Sept. 16, 2016
CHARLOTTESVILLE -- Watch forward Veronica Latsko on the soccer field, where her goal-scoring prowess and athleticism stand out, and it's easy to envision her playing professionally after her career at the University of Virginia ends.
If that happens, Latsko says, she'll happily continue playing the sport she loves. But this third-year student from the Pittsburgh suburb of Venetia, Pa., views the future with a maturity not evident in everyone her age.
"Soccer is definitely a main priority in my life, but I know my body will give out sooner than my mind," Latsko said. "I'll eventually have to rely on the one more than the other."
And so Latsko attacks her studies with the same determination she brings to the field.
"In one word, she's relentless," UVA head coach Steve Swanson said. "In everything she does, that's the way she is. She just has a great work ethic, and she keeps coming at you.
"I have to sometimes hold her back a little bit, but that's what every coach would love to have. I think she's a great role model for others."
Latsko carries a double major -- public policy and foreign affairs -- in UVA's prestigious Frank Batten School of Leadership and Public Policy. Her postgraduate plans include law school.
After that? Latsko isn't sure. She might practice law, or she might seek work with the State Department or a non-governmental organization.
"I want to be the most knowledgeable in my field, whatever I'm doing," Latsko said, "so I think law school is a great route for that, to really ingrain the concepts that I need to learn.
"I really want to help people. I would love to work on an international level, in the government or for a non-governmental organization."
She would not be the first member of her family to do so. She has an aunt, Linda Latsko Lockhart, who founded the Global Give Back Circle, an NGO that connects mentors with at-risk girls in such countries as Kenya, China, South Africa and India. Latsko has traveled extensively overseas with her aunt.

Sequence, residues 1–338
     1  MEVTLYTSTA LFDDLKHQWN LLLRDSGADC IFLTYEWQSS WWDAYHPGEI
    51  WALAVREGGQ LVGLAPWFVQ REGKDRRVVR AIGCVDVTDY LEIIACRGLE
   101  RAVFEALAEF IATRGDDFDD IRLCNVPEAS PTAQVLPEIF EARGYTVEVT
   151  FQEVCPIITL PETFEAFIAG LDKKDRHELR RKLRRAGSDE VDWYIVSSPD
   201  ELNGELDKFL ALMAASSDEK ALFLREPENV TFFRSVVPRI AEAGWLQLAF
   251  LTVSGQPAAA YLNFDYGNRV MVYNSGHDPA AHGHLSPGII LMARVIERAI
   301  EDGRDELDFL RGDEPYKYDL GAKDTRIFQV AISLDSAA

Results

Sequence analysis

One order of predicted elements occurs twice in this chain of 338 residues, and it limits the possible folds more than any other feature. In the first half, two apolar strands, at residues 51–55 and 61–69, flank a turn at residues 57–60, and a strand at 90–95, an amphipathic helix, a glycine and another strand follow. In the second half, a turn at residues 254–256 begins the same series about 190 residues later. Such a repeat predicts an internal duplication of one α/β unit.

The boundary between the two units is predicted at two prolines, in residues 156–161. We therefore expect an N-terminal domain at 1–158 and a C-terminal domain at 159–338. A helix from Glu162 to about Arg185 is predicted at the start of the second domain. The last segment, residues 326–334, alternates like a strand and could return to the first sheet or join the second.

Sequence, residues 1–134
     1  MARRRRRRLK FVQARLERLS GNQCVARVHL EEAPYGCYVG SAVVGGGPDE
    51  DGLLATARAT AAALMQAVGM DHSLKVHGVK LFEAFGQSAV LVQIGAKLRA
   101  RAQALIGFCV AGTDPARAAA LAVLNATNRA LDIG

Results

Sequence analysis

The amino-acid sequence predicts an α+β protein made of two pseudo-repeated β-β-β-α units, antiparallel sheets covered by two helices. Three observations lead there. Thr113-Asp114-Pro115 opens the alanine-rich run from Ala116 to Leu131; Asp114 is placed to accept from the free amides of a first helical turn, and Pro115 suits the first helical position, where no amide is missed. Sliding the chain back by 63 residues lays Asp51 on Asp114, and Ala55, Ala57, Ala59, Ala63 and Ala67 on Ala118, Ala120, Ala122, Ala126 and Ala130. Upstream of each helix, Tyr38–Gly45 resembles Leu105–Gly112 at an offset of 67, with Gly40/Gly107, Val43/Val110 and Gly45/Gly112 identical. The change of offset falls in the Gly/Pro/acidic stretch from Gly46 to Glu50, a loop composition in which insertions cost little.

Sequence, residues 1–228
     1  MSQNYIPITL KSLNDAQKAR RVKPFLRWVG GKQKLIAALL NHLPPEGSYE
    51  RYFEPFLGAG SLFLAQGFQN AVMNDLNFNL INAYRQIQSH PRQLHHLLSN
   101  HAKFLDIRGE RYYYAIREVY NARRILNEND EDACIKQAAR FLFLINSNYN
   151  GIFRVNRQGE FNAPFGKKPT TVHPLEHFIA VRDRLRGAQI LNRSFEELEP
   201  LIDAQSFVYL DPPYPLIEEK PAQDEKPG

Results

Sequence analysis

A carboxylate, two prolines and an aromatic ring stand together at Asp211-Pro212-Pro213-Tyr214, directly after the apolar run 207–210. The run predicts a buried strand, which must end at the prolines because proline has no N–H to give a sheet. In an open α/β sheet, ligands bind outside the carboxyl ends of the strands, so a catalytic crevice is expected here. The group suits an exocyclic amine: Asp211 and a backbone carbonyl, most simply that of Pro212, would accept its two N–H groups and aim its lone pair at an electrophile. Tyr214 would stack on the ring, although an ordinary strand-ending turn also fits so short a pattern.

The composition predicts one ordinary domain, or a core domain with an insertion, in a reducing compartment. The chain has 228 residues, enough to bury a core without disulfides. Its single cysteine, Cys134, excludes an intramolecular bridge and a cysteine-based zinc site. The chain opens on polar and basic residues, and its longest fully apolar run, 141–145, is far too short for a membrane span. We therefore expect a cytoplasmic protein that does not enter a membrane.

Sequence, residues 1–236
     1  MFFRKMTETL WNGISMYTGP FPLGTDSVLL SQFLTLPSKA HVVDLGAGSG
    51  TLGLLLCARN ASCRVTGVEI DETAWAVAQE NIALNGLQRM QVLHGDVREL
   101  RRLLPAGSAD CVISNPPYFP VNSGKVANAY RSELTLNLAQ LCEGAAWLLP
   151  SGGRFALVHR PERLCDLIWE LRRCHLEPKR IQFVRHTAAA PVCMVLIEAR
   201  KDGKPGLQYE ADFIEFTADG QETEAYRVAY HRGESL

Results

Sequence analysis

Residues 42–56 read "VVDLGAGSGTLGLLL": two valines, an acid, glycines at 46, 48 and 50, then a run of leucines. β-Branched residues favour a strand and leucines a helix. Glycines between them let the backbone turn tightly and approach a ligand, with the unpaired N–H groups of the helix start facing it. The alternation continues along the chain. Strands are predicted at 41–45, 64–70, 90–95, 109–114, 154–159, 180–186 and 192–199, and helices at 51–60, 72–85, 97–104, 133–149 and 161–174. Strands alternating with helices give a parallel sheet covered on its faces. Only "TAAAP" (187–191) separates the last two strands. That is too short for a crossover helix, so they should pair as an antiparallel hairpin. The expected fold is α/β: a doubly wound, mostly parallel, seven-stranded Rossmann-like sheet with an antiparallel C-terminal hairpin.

"She's a very talented individual that I've always looked up to," Latsko said.
Born and raised in the Pittsburgh area, her family's home for many generations, Latsko started playing soccer as a girl. Her father, John, had played the sport at Pitt-Johnstown, and the second of his three daughters soon established herself as a force on the pitch.
Swanson first saw Latsko play during the summer before her sophomore year at Peters Township High School. He was struck by her "heart and engine and drive and motivation," Swanson said. "For me she checked almost every single box in what we looked for in players in terms of intangibles."
Latsko twice was named Gatorade player of the year in Pennsylvania, and she might have won the award a third time had she not missed her senior season at Peters Township while recovering from a torn ACL.
By then, she had committed to UVA, where her teammates in 2014 and '15 included Brittany Ratcliffe. They'd first met in the U.S. Youth Soccer Olympic Development Program, playing for a Region I team that traveled to Russia. Also on the team was Morgan Stearns, now in her fourth year as Virginia's starting goalkeeper.
When Latsko took her official visit to UVA, she recalled, "Morgan wasn't here yet, but Britt was here, and she just made me feel so welcome."
As a Virginia freshman, Latsko played in all 26 games and contributed three goals and two assists for a team that advanced to the NCAA title game. As a sophomore, when the Wahoos reached the NCAA quarterfinals, she was their fourth-leading scorer, her 19 points coming on seven goals and five assists.
Seniors on that team included Ratcliffe and Makenzy Doniak, who holds the school record for career goals (64). Latsko has stepped forward to help fill the void left by Doniak's departure.
"She had a tremendous spring for us," Swanson said. "It was a culmination of a year-and-a-half of hard work.